This is an excerpt from an article first published on E-International Relations (April 26, 2020)
By Joshua Busby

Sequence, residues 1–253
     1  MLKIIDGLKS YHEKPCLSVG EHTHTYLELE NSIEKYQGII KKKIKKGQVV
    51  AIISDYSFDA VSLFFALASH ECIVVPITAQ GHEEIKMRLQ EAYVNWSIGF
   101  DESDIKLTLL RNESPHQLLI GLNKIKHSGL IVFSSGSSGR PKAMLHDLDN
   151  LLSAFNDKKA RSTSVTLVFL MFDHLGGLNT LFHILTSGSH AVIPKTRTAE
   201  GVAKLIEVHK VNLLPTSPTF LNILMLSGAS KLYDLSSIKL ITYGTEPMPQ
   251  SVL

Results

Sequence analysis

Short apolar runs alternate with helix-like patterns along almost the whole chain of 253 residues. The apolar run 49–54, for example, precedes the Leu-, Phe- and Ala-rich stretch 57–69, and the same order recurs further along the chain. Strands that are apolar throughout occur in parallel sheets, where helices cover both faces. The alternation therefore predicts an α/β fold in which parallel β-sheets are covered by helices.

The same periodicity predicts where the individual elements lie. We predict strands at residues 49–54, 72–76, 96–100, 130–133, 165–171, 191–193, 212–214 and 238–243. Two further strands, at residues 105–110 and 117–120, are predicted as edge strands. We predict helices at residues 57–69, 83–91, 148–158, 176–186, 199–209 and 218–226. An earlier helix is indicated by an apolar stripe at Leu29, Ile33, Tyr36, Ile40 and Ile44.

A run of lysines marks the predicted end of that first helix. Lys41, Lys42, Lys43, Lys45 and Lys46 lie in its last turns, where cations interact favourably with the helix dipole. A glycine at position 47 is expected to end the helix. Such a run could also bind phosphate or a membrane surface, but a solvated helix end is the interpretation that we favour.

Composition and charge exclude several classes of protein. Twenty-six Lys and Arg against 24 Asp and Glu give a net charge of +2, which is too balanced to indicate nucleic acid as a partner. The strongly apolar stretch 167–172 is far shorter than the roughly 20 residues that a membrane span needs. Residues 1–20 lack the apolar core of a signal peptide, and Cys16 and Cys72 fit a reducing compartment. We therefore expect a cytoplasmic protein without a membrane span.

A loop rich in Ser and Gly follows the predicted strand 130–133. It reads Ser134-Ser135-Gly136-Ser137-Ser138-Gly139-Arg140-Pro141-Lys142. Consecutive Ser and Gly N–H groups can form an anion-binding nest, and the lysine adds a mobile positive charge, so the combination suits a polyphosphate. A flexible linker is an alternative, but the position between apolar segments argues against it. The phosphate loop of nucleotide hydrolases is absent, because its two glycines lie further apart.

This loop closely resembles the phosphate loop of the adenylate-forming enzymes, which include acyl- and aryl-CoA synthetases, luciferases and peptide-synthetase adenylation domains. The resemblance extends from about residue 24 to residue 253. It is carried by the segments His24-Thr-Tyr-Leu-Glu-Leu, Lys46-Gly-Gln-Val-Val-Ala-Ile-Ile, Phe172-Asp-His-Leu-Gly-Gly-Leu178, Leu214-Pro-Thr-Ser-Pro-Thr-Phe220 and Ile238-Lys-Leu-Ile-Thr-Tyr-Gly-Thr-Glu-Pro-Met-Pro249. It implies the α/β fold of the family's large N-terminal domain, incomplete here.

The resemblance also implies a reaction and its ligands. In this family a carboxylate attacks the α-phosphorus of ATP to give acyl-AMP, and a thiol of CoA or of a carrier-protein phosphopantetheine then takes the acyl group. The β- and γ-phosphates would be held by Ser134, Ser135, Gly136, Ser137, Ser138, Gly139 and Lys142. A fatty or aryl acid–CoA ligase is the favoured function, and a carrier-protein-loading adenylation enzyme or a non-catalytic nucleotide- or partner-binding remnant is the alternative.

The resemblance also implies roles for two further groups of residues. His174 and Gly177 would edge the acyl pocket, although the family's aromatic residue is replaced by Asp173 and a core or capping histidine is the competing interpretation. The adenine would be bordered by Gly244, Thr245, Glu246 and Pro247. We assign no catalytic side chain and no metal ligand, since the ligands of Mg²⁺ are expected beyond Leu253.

The emergence of a novel coronavirus (SARS-CoV-2 / COVID-19) in 2019 may be the most consequential event of the early 21st century, upending modern life, globalization, and relations between countries. The outbreak of COVID-19 is a health crisis, with approximately 3 million cases and over 200,000 deaths and counting. It is also an economic one, with the various stay-at-home ordinances and travel restrictions imposed to break the chain of transmission leading to dramatically diminished economic activity, massive unemployment, and income losses around the world. From China’s initial reluctance to allow World Health Organization (WHO) experts into the country to G7 fights over what to call the virus to President Trump’s hold on funding for the WHO, the global response has been shambolic and largely uncoordinated, in contrast to the adequate if not exceptional cooperation during the last major global crisis, the 2008 financial crisis. What can we learn from theories of international relations about why the response has thus far been so ineffective?
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